The LHC is nearing the end of a long overnight run that started with a record luminosity of 3/ub/s. It is already the first run to collect over 100/nb (100 inverse nanobarns) in one go and it has another hour to run before they plan to terminate it. With luck they will be able to repeat this most days throughout August enabling them to collect 3/pb (3000 inverse nanobarns) this month which is about 10 times the data used for the ICHEP talks. After that they will start a rapid exponential growth of luminosity until the end of this year that should enable them to collect 1/fb (a million inverse nonabarns) by the end of 2011 when the LHC will shut down for further maintenance. Meanwhile the Tevatron continues to steadily collect data at a higher rate but lower energy and waits to hear how long it can continue.
That makes this a great time to play the game of guessing what will be discovered when and where. It is a game that anyone can play whether they are a humble independent blogger like myself or a full-time phenomenologist guru like John Ellis. Those who are insider members of one of the experimental collaborations will have to be careful not to reveal unpublished results but for the rest of us it is harmless fun.
Tommaso Dorigo looks to a 4th generation quark as the next discovery based on excesses above background for high mass events, now seen in both CDF and DZero at the Tevatron. In the end he cops out and says the signal is too weak and he thinks it will be a while before new physics is seen.
Lubos Motl has been excited about supersymmetry with the likelihood of a light Higgs and some excesses in channels where supersymmetry is supposed to live. The mass likelihoods for Higgs are represented by this plot from this presentation. Remember there could be more than one Higgs if supersymmetry is right.
Peter Woit reports a claim that early results from the LHC have already ruled out parts of the parameter space of supersymmetry and asks how long it will be before supersymmetry is ruled out. Nobody was expecting a high chance of seeing supersymmetry with so little data from the LHC so the impact on its parameter space so far must be very small. There is a small chance that evidence for new physics including supersymmetry could be seen this year in dijet or dimuon events at high mass if the right sort of particle exists. It is also even possible that Fermilab already have the evidence for a supersymmetry style Higgs and are going through a careful process of review and approval that could take several months.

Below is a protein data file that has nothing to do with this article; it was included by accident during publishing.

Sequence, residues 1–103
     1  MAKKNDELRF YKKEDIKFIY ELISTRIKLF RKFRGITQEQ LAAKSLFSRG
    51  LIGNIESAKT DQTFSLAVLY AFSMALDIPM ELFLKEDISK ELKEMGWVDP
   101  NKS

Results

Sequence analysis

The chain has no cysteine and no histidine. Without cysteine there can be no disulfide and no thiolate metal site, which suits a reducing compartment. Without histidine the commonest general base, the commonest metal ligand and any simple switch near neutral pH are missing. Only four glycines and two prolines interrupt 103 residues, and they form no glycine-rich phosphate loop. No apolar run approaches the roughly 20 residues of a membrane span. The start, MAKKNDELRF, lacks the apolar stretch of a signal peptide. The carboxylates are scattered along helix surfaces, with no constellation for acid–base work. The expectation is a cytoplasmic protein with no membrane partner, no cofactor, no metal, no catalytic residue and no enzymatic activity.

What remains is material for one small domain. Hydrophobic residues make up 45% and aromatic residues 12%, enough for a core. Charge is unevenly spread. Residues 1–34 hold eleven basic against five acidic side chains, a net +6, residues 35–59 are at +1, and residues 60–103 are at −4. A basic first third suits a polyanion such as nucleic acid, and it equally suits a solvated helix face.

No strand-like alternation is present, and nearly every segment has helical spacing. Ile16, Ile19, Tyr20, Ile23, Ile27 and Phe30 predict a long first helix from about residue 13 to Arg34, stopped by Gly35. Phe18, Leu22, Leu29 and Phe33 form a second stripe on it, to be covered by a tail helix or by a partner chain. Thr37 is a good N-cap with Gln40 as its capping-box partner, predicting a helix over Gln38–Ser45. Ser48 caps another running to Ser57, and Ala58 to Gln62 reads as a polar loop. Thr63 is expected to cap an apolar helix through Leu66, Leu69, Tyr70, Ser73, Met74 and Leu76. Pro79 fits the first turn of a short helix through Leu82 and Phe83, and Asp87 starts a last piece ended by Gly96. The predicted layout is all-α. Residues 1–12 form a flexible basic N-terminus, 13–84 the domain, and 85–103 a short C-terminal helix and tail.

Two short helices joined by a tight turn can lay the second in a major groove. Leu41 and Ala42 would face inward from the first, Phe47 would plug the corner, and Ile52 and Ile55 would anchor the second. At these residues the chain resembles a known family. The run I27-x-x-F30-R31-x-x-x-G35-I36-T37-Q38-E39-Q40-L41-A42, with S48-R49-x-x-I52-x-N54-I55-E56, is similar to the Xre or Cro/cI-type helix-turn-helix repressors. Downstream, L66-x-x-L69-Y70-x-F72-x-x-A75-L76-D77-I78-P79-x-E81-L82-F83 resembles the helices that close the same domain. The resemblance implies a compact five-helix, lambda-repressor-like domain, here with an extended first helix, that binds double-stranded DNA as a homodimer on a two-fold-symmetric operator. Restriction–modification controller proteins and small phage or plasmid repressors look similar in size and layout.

To rule out supersymmetry if it is not there would take a little longer. Eliminating supersymmetry at the electroweak scale would require the full Higgs sector to be explored. If the Higgs is light as supersymmetry favours then it will take about 16 inverse femtobarns to cover the whole mass range looking for a 3-sigma signal. Fermilab could reach that point around 2013 if they are allowed to continue and their detectors withstand the potential radiation damage.
To convincingly rule out supersymmetry will however require the full force of the LHC. Taking Steve Meyers predictions for LHC luminosities as shown in this table, we can see that it should be around 2014 before they have enough data to rule out electroweak scale supersymmetry. Of course there may be another form of supersymmetry at much higher energies but that would be something very different that could not easily account for the effects that supersymmetry is meant to explain in the Higgs sector.
So if it is time for me to place my chips on the table I will bet on growing evidence for supersymmetry from now until end of 2011, but with the likelihood that we will have to wait until about 2014 for all the full details to emerge. If a fourth generation exists there is no reason to expect it at around this mass scale so I don’t expect to see it. Tommaso is probably right that the Tevatron excesses are due to something else.
If anyone thinks something else will unfold, now is the time to say it.